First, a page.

Before the presentation of evidence, Hamilton requested certain jury instructions regarding causation.[3] Some of those requested instructions were based on language from this Court's opinion in Parker v. Collins, 605 So.2d 824 (Ala. 1992). Specifically, Hamilton's requested instructions relied upon the Parker Court's statement -- the context for which is explained in the "Analysis" portion of this opinion -- that "the issue of causation in a malpractice case may properly be submitted to the jury where there is evidence that prompt diagnosis and treatment would have placed the patient in a better position than she was in as a result of inferior medical care." 605 So.2d at 827.

         IMG and Dr. Scott objected to the requested jury instructions that used language from Parker on the ground that the "better-position" language employed in Parker could not apply in a wrongful-death action because the only standard for such a claim is that a breach of the standard of care probably caused the decedent's death.

         The trial court refused to give Hamilton's requested jury instructions incorporating Parker's "better-position" principle. In explaining its refusal to give the requested instructions, the trial court stated:

"THE COURT: Well, you know, even looking at the Parker case, it says ... '[t]here was medical testimony to show that prompt treatment of the patient probably could not have prevented the occurrence of a heart attack. However, there was also evidence that more immediate care could have lessened the severity of the heart attack and possibly prevented the patient's death.' So what I understand from that is that you're going to have to show that the lack of immediate care or some delay in the treatment or care probably caused the death. I think this is different from an injury as opposed to a death situation. The injury in this case is the death. And so I say all that to say that I don't think your jury charge is appropriate and I'm going to deny your request to give that charge."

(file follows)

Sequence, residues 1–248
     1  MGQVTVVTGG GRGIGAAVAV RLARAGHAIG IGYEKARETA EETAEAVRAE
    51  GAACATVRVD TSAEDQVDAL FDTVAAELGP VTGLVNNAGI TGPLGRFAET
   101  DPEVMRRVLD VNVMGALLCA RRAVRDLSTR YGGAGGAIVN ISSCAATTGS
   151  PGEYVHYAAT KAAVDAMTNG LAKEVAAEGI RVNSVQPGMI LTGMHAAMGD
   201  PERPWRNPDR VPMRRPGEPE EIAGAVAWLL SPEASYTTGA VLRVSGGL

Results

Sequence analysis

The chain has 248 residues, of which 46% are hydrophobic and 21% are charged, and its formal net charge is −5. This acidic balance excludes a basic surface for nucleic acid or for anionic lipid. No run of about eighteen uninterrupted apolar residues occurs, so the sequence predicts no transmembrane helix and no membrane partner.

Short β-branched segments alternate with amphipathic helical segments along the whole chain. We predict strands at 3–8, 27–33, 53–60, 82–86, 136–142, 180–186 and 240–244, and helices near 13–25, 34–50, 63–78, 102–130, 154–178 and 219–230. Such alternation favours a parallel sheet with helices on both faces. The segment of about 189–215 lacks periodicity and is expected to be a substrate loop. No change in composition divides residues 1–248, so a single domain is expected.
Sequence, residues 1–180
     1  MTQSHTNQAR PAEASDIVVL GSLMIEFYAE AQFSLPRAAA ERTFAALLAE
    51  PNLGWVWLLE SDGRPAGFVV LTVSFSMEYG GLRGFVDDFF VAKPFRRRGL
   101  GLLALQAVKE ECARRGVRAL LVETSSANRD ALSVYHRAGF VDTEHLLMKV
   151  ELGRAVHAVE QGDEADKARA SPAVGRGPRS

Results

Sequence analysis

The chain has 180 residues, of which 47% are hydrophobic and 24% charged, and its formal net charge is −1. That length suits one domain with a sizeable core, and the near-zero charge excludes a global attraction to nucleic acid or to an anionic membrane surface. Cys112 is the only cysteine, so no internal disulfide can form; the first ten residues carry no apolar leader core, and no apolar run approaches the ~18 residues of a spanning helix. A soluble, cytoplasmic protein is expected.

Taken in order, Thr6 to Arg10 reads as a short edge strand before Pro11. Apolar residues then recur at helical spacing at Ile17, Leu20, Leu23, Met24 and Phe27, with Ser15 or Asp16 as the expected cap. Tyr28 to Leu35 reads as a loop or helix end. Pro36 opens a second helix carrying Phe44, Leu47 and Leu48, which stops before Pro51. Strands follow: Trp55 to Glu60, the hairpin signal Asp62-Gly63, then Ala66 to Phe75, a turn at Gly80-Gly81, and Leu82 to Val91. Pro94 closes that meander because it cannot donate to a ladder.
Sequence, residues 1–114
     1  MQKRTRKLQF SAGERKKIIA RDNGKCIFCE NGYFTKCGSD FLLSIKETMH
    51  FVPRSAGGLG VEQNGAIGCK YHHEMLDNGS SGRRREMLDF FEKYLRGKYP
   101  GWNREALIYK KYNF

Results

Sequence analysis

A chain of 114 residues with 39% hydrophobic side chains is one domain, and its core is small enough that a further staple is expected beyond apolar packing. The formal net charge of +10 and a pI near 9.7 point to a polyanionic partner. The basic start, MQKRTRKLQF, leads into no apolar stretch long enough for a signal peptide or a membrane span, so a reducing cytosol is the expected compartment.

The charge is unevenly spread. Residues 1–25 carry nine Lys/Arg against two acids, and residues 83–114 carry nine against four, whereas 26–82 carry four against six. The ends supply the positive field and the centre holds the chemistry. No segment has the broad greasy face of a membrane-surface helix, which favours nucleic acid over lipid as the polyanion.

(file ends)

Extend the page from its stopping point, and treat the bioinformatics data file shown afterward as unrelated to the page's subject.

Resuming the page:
On August 14, 2015, the jury returned a verdict in favor of Dr. Scott and IMG. The trial court entered a judgment consistent with that verdict. Hamilton filed a motion for a new trial on September 11, 2015. On December 1, 2015, the trial court denied Hamilton's motion. Hamilton filed a timely appeal.

         II. Analysis

         Hamilton argues that the trial court committed three separate errors that each warrant a new trial. First, she contends that her substantial rights were harmed by the trial court's refusal to allow her to testify that Talley allegedly told Hamilton that the abnormalities present on the February 25, 2005, ultrasound dictated that she would be referred to a perinatologist. Second, Hamilton argues that the trial court erred in refusing to give her requested jury instructions that incorporated the "better-position" principle from Parker, an error Hamilton says caused the jury to misunderstand what she had to prove. Third, Hamilton asserts that the trial court erred by refusing to use Tristian's name in the jury charges and thereby "did not afford him the dignity it would afford any other deceased person."

         We conclude that the trial court did not exceed its discretion in concluding, under Rule 403, Ala. R. Evid., that the probative value of Hamilton's testimony concerning what Talley told her was substantially outweighed by the risk of unfair prejudice. The trial court discerned that there was a real possibility that the jury could view Talley's alleged statements about what she had observed on the ultrasound and whether Hamilton needed a referral to a specialist as evidence indicating that Dr. Scott breached the standard of care, a matter beyond Talley's expertise.

         We also conclude that the trial court acted within its discretion in electing to use the terms "unborn child" or "stillborn child" rather than Tristian's name in the jury charges. By using those terms, the trial court acknowledged the fact that Tristian was a human being, and those terms were not demeaning. Moreover, the trial court also allowed Hamilton and her counsel to refer to the child by his name throughout the proceedings.

         Hamilton's contention that the trial court committed reversible error by failing to give her requested jury instructions, which incorporated the "better-position" concept ...